Russian Foreign Minister Sergey Lavrov, left, and U.S. Secretary of State John F. Kerry at the United Nations headquarters on Dec. 18, 2015. (Eduardo Munoz/Reuters)
Opinion writer

Russia is emerging as an essential diplomatic and security partner for the United States in Syria, despite the Obama administration’s opposition to Moscow’s support for President Bashar al-Assad.

Russian-American cooperation on Syria now includes regular diplomatic, military and intelligence contacts. Moscow and Washington have evolved a delicate process for “deconfliction” in the tight Syrian airspace, where accidents or miscommunication could be disastrous.

Administration officials see working with Russia as the best of a bad set of options. An administration that has had trouble living with Russian President Vladimir Putin, especially after his actions in Ukraine, finds that it can’t live without him in Syria. Washington’s hope is that Putin will support U.S. efforts to negotiate a cease-fire because he concludes it’s the only way to avoid a quagmire.

“While we remain skeptical of Russian interests and intentions in Syria, we also believe that they will be an essential part of any political solution to this conflict,” one senior administration official explained Tuesday. “The degree of communication we have with them reflects that view.”

Putin this week seemed to take a public step toward the U.S. position that Assad must go eventually. In an interview with the German newspaper Bild released Tuesday, Putin hinted that he might grant Assad asylum. He said granting asylum to National Security Agency leaker Edward Snowden “was far more difficult than to do the same for Mr. al-Assad.” The Russian leader also said Assad “has made many mistakes in the course of the Syrian conflict.”

Putin’s reference to asylum was taken “very seriously” by the White House, a second administration official noted Tuesday. “I think he was sending a signal about where he stands” that was consistent with what Russian officials have been telling the United States in private, the official said.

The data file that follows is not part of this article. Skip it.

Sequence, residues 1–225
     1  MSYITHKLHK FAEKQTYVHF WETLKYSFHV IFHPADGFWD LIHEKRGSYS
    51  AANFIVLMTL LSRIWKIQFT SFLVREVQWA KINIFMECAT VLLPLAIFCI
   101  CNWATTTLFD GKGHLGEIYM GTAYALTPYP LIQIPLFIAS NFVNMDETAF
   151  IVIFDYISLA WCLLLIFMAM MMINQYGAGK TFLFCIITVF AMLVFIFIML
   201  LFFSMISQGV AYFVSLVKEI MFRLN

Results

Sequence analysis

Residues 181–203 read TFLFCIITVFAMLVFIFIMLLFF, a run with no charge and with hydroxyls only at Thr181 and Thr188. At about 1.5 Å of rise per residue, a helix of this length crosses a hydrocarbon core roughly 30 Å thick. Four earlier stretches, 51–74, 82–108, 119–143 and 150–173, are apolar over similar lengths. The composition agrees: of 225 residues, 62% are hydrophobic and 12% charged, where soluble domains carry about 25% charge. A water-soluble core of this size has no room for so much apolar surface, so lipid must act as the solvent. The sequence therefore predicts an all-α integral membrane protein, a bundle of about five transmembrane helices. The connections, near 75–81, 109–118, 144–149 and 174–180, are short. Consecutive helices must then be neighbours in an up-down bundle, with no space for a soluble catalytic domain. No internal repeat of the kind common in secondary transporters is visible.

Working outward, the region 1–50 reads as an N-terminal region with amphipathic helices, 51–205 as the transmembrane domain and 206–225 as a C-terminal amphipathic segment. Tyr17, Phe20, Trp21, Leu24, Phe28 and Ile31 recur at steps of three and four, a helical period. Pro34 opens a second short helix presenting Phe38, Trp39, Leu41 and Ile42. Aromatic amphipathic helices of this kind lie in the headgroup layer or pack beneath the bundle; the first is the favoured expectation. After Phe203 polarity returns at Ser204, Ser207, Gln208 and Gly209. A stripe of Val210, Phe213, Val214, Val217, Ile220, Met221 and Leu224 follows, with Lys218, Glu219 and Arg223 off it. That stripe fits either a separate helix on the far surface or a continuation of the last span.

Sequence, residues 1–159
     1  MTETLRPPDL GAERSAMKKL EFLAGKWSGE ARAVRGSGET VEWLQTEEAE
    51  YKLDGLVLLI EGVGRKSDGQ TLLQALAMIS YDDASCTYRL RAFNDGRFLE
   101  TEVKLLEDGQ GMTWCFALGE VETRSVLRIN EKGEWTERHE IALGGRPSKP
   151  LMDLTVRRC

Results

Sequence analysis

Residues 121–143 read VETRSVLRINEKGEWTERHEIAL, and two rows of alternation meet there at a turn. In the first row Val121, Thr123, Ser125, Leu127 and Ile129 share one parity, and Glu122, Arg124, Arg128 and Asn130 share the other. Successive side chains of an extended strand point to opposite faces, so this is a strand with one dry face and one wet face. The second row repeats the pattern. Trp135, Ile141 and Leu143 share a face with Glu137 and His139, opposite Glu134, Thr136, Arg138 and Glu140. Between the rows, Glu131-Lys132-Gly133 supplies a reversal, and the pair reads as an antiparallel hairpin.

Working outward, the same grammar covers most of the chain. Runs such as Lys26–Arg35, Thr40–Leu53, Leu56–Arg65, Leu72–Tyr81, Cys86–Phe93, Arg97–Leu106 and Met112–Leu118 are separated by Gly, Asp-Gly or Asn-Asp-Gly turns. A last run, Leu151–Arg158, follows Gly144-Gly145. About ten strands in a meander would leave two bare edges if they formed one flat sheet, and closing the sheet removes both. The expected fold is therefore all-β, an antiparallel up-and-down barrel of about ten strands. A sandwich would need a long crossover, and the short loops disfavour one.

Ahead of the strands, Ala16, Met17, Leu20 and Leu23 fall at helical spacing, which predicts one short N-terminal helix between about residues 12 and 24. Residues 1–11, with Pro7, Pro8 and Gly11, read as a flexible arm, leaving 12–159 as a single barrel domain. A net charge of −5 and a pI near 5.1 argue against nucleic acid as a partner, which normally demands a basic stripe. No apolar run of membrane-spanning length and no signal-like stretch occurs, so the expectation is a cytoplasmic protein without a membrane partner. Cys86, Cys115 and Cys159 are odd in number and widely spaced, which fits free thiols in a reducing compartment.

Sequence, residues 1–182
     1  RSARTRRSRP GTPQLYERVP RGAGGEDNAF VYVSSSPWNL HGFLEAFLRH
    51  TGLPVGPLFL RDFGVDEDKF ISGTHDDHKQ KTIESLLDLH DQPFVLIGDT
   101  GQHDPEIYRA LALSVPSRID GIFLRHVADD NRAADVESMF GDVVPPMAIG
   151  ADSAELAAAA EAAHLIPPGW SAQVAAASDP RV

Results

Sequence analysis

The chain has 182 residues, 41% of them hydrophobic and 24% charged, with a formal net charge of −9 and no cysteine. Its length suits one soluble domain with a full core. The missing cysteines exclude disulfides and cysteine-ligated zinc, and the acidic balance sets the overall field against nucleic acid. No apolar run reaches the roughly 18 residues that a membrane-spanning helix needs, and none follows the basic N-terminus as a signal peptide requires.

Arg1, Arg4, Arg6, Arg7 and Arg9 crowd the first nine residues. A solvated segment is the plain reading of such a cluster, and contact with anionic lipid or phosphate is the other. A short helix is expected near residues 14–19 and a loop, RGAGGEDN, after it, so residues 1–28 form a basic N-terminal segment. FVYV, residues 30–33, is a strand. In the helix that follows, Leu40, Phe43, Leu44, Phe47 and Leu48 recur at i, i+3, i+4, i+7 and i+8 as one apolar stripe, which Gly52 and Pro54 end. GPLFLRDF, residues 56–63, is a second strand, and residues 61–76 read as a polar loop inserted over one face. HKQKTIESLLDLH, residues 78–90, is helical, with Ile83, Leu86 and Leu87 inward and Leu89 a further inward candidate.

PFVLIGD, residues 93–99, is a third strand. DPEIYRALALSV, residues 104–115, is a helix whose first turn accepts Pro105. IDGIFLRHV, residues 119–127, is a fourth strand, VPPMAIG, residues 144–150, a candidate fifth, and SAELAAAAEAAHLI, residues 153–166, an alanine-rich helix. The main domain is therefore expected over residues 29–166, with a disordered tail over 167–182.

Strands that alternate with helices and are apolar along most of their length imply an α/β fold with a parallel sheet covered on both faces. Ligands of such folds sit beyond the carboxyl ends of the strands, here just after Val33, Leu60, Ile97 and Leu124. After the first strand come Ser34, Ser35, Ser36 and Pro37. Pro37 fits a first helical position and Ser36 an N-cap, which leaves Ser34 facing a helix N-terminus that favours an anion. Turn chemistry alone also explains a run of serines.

Syria was also the subject of a phone call Monday between Secretary of State John F. Kerry and his Russian counterpart, Foreign Minister Sergei Lavrov. They talked about plans for a Jan. 25 U.N.-sponsored meeting in Geneva to organize a common opposition front. Kerry and Lavrov are likely to meet in Europe next week for more talk about the Syria negotiations, including how to keep Iran and Saudi Arabia on board.

Another Russian-American channel involves CIA Director John Brennan. His conversations include exchanges about Islamic State terrorists that threaten both countries, and crises such as the shoot-down of a Russian jet by Turkey in November.

Brennan explained the counterterrorism dialogue in November at the Center for Strategic and International Studies. “We’ve been exchanging information. I think it needs to be enhanced. But I am determined to continue to work with my Russian counterparts because of the importance that I think we each can bring to this issue in terms of our insights, our information, our data, and sharing it.”

An important booster of Russian-American cooperation is Jordan’s King Abdullah II. U.S. officials believe the monarch has sought a special relationship with Putin and hopes soon to coordinate military activities with Russia against the Islamic State. Already, there is a joint Jordanian-Russian military coordination center in Jordan; the Jordanians hope it could be the bridge to a cease-fire in the south between rebels and the Assad regime, and a coordinated assault on the Islamic State. So far, though, the Russians have continued pounding the anti-Assad rebels in southern and northern Syria alike.

For the past year, Jordanian officials have been discussing with their U.S. counterparts the creation of a forward operating base inside Syria that could be a rallying point for Sunni forces against the Islamic State. Described as a modern-day “Fort Apache,” this base would be organized by special forces from Jordan and other Western and Arab coalition partners; U.S. officials, long skeptical of such a move, appear more supportive.

The crowded skies over Syria pose a special challenge. The United States and Russia have agreed on a memorandum of understanding that mandates “maintaining professional airmanship at all times, the use of specific communication frequencies and the establishment of a communication line on the ground,” according to Lt. Col. Kristi Beckman, a spokeswoman at the U.S. Central Command . U.S. and Russian pilots operate at “safe distances,” she said, and if Syrian planes are near, “it is standard practice for us to stand off until the airspace is clear.”

For President Obama, the willingness to work with Putin is an act of foreign policy realism or desperation, depending on your point of view. Some would argue that in Syria, the two converge.

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